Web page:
COUPLED TEMPERATURE-PRESSURE PROBES FOR MONITORING PORE WATER FLUXES IN COASTAL SEDIMENT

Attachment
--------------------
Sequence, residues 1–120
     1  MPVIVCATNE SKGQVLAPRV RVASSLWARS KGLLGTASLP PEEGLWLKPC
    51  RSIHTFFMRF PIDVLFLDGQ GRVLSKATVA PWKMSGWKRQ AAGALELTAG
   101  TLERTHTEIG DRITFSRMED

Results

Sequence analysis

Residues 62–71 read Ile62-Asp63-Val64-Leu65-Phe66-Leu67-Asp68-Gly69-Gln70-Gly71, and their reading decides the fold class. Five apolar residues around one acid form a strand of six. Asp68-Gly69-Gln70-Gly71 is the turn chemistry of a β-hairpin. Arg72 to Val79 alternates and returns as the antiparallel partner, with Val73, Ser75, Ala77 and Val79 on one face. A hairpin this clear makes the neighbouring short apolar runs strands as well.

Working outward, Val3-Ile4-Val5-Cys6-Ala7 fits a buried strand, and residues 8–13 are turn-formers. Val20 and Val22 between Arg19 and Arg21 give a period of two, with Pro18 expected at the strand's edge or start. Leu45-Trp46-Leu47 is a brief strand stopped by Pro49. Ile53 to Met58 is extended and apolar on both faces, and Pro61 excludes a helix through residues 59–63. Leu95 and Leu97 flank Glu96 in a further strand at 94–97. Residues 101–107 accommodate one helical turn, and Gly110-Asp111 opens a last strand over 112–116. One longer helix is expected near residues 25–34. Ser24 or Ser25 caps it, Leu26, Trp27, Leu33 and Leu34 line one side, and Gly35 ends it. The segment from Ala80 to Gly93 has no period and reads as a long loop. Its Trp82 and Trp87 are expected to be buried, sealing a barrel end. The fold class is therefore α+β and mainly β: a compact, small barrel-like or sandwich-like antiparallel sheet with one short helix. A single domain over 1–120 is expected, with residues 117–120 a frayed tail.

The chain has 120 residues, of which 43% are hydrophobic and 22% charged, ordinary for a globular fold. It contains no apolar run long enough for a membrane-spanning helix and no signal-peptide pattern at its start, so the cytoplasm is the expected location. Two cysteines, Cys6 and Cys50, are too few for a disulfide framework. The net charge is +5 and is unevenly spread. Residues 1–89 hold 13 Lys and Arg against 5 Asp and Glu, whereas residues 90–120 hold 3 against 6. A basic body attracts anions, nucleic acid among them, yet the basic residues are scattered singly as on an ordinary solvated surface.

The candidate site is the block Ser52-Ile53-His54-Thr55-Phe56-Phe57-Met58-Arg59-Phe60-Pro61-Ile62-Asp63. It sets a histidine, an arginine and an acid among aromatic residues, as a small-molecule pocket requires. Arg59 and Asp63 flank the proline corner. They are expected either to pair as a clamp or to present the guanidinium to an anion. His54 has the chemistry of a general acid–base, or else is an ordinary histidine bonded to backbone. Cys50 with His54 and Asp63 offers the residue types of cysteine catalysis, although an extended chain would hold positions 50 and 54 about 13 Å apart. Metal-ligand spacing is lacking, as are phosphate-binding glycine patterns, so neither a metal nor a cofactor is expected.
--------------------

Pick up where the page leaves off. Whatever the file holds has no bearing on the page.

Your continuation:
While heat-as-a-tracer techniques have been widely applied to inland environments, pore water exchanges in coastal settings are difficult to quantify with heat due to the highly dynamic nature of tidal environments. These complications arise because the groundwater flux itself may be periodic due to tidal oscillations. This flux periodicity may induce signal interference in the thermal diel signals. The frequency of the pore water flux oscillations does not coincide with the frequency of diel temperature oscillations. To address the challenging physics of pore water exchange in coastal settings, we have developed a novel, multi-level temperature-pressure probe for quantifying porewater fluxes in coastal sediment. The pressure readings reveal the hydraulic gradient as well as the period and magnitude of the tidal fluctuations, which are important controls on groundwater flux. Having hydraulic data available helps limit equifinality issues when interpreting the thermal data to quantify the fluid flux. Also, when the fluid flux is inferred from the thermal data, the hydraulic conductivity can then be estimated from the pressure data by rearranging Darcy’s Law. Challenges in the design and implantation of this instrument will be highlighted, and field data and interpretation will be presented for early testing in mega-tidal settings in the Canadian Maritimes.